Herb Jackson began his series Veronica's Veils in 1980 as a way to create a new space in which he could explore the enigmatical nature of the moment when a painting attains a life of its own. 33 years and 223 paintings later, the exhibition Veils: new paintings from the artists ongoing exploration, continues the Artist's quest to create his own language of space.

Herb Jackson's paintings are pigment mixed with pumice, built up thin layer upon thin layer which he scrapes off and smoothes as the medium is being applied. Shapes, marks and topography come and go as the Artist engages the paint; gouging, scraping and excavating each consecutive stratum with whatever tool is dictated be it knife, fingernail or even dental tool. For Jackson, the work is a process not dissimilar to experiencing a long life, slowly evolving and revealing itself, much in the same way that our environment changes over time.

Noted art historian, critic and author Richard Schiff says of the Artist's work: "look for a parallel in nature and you will think not only of sky, air and water but also of ice and even crystalline rock. Jackson's brilliant hues tend to pull the space of his veils in and out, as if the entire painting were pulsing or breathing." While Jackson's work references the beauty found in nature, there is no sentimentality; a nod to myth and mystery is balanced with a very physical presence, creating contemplative work with the undying rumble of the tectonic plates.

"To require that an image be a bearer of content, (that) it must be recognizable is to suggest that there is no form to the unknowable,” states the Artist. “My personal journey (through art) confirms that it is not necessary to rob life of its mystery in order to understand it”. To understand the psychological dynamic of Herb Jackson's obsession with paint, we need look no further than the canvases in his current body of work. Says the artist of these paintings, "the canvas (begins) to exert more influence over the direction I must take, and at that point, it is often unclear where I stop and the painting begins". Yet Jackson’s works engage and excite; there is a dynamic force to his compositions and a haunting musicality to his themes that rewards repeated viewings; the work is not static.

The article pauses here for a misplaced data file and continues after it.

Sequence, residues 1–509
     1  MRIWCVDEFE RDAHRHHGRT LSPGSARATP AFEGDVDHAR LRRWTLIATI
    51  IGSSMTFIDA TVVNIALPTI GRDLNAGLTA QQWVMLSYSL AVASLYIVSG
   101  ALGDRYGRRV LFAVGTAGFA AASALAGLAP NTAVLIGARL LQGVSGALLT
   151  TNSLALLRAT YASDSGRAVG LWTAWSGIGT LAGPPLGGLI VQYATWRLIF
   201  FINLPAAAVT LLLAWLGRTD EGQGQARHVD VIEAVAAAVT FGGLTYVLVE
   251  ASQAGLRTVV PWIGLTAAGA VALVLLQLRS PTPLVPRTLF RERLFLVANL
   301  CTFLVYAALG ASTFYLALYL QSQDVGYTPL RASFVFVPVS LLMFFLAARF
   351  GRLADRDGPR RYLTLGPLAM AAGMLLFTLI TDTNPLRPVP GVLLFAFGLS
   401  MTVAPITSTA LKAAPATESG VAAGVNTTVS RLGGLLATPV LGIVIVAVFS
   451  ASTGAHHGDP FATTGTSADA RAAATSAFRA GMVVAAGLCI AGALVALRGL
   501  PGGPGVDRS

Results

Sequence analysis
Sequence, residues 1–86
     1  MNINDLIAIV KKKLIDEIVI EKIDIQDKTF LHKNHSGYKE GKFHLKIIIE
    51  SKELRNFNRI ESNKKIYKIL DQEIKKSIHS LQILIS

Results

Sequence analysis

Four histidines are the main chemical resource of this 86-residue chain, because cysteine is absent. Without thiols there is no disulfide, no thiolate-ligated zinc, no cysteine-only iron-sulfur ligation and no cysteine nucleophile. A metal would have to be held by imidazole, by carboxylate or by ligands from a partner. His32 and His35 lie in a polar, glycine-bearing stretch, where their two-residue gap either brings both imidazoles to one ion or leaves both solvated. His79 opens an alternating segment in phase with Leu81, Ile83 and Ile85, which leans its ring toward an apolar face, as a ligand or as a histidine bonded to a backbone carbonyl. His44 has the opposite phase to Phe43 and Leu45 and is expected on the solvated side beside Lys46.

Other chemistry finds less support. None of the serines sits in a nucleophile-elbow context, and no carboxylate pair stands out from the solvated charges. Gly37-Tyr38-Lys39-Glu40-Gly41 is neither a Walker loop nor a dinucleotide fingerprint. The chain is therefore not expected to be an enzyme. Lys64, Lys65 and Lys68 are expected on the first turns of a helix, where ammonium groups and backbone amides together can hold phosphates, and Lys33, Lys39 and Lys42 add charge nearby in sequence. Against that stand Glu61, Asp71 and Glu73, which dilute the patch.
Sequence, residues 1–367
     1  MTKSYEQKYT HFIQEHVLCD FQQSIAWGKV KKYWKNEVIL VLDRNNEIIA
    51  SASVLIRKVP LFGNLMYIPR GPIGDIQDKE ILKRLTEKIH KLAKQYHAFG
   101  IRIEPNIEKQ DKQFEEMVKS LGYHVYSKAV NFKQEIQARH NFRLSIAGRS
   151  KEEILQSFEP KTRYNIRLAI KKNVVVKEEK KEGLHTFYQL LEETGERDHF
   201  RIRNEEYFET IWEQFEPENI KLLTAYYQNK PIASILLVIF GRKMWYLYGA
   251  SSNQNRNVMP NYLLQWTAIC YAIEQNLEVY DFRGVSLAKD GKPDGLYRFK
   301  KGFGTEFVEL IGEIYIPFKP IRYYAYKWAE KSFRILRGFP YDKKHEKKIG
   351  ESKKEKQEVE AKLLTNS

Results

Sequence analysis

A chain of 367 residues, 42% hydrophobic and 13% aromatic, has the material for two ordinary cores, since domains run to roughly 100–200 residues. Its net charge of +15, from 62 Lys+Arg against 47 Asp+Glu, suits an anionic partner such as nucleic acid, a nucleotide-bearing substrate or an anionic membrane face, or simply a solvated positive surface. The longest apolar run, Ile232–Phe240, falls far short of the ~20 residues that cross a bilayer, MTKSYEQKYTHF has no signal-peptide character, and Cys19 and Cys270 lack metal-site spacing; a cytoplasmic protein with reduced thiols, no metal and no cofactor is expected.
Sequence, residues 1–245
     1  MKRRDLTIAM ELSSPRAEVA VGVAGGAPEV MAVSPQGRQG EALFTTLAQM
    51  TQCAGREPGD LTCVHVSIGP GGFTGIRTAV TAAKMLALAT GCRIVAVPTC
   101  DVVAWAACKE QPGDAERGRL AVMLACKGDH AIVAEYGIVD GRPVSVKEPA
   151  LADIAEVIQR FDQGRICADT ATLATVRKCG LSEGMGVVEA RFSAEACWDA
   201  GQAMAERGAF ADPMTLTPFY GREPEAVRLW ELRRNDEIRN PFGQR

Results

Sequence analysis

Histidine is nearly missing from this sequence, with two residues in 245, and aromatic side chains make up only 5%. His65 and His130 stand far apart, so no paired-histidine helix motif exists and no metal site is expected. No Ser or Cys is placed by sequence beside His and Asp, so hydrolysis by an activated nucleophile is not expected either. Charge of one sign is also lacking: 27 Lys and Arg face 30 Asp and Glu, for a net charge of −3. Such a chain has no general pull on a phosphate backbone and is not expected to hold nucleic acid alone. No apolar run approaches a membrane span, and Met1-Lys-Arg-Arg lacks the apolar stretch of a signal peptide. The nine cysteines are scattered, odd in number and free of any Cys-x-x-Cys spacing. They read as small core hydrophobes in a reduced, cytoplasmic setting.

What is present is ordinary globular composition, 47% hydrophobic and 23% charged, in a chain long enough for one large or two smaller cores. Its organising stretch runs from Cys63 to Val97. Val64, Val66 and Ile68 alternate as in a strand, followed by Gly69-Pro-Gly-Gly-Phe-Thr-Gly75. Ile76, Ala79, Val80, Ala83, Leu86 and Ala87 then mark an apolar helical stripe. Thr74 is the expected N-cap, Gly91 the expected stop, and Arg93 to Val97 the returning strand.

The Veronica's Veils series can be compared to Motherwell's "Eulogies" in their constant theme and format; one may recall the gestural, calligraphic nature of Franz Klein and the materiality of the surfaces created by Antoni Tàpies, yet the experience of viewing a work by Herb Jackson is singular. The frequently jagged forms and broken surfaces somehow juxtapose quiet shape and flow to speak of relationship rather than destruction or death.

Herb Jackson has had over 150 one-person exhibitions, among them the first exhibition of Modern Art in the former Soviet Union. His work is in the permanent collections of over 125 museums, including the Whitney Museum of American Art, New York, the British Museum, London and the Smithsonian Museum of American Art, Washington, DC.